The best campfire cooking kits (2022 guide and FAQ)

Whether you’re RV camping, boondocking, tent camping, or cowboy camping, you will need to eat! Many people will use a camp stove for most of their cooking needs. While you can use your regular kitchen pots and pans on a camp stove, if you ever want to cook over a campfire, you’ll need some more specific open fire cooking equipment. And, this article will help you decide which is the best campfire cooking kit for your needs.

Cooking has a specific set of tools that makes it easier. While some of these items are often at your disposal at home, they are not readily available while camping, unless you remember to bring them along.

Creating or buying a campfire cooking kit will make packing for a camping trip so much easier. If you don’t need to try and remember to pack things from your home kitchen, it is much less likely that you’ll forget something.

A red checkered table cloth with camping pots and food on the table

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Our Favourite Top 3 Campfire Cooking Kits:

If you’d like to skip the reading and just get to the top 3 suggestions, here they are! These are all available online at REI, or you can probably find them or something very similar at your local outdoor outfitter.

What do you Need for Open Fire Cooking Equipment?

Depending on where you plan to camp, some things may be supplied for you. At a campground, there will likely be a fire pit and possibly even a metal grill either attached solidly to the campfire pit or a movable one.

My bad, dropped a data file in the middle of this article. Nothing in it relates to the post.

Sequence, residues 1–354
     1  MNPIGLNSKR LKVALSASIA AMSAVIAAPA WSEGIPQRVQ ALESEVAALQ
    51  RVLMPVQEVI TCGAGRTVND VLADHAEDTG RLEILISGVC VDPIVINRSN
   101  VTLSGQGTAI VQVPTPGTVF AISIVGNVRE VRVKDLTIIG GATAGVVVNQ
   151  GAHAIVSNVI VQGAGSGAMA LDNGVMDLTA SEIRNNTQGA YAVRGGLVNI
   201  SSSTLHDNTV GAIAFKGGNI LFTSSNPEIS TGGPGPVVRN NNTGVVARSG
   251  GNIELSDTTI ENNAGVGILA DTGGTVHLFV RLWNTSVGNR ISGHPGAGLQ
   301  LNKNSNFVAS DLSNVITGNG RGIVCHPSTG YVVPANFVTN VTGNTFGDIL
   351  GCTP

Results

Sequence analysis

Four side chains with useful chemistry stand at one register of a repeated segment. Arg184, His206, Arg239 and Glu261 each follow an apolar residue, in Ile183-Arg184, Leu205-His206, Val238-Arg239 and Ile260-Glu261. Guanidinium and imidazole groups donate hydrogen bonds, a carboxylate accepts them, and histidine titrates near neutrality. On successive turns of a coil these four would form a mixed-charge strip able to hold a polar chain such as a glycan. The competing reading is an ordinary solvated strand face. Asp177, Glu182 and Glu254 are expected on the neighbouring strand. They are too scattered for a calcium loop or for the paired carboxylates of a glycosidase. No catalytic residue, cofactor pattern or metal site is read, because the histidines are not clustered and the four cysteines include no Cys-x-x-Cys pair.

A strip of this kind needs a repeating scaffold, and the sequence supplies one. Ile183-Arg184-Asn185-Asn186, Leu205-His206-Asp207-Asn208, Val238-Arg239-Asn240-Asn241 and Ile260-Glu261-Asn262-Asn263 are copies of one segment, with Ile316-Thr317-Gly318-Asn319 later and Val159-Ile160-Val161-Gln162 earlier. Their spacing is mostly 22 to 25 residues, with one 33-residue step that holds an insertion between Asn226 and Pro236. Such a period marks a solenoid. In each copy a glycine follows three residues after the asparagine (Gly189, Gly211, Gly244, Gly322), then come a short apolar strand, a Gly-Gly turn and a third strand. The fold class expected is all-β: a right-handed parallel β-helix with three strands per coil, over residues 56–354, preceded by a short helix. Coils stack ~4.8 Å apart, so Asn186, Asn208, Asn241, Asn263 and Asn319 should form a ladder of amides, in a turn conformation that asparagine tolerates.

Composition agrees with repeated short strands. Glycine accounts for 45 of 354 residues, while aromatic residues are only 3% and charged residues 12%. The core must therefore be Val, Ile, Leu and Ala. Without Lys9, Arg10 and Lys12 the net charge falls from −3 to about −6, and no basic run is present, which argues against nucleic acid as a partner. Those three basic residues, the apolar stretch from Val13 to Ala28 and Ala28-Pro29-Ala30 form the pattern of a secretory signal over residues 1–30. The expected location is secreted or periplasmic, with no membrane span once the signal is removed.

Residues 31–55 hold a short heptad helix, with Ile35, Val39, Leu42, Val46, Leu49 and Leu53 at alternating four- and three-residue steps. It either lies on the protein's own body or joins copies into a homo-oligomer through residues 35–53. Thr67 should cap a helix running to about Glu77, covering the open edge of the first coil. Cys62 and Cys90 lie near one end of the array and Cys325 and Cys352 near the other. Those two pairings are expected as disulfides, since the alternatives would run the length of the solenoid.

However, if you are boondocking or wilderness camping, you may need a few extra supplies to ensure a safe environment to cook over a campfire.

Some of your basic supplies could include a metal grill rack or tripod. You’ll need a cast iron Dutch oven or pots and pans that are safe over an open flame. You might also want flame resistant gloves or hot pads, tin foil, and fire starting materials.


Can You Use a Regular Pan on a Campfire?

Probably not.

Your regular kitchen pans are not usually heat resistant enough to withstand the heat of the direct flame of a campfire. Not to mention, any plastic handles will melt instantly. Plus, they’ll come home filthy and need a lot of scrubbing to be kitchen ready again.

Luckily, tons of campfire safe options are available: anything from heavy and big to compact and lightweight. Whatever type of camping you plan to do, there is a pan option that will fit your needs.


So What Kind of Pan Can You Use on a Campfire?

Most people would probably agree that cast iron is the best way to go. It lasts forever, withstands all kinds of heat, and can be used for many different types of food. 

Please note this recommendation only applies if you are camping with a vehicle. If you are carrying your cooking equipment on your back, in your canoe, or with a bike, please do not use cast iron!

However, cast iron isn’t your only option for RVing and car camping. We use an old hand-me-down set of camping pots, that I assume are stainless steel. The ones we have are lightweight and pack nestled together for easy storage.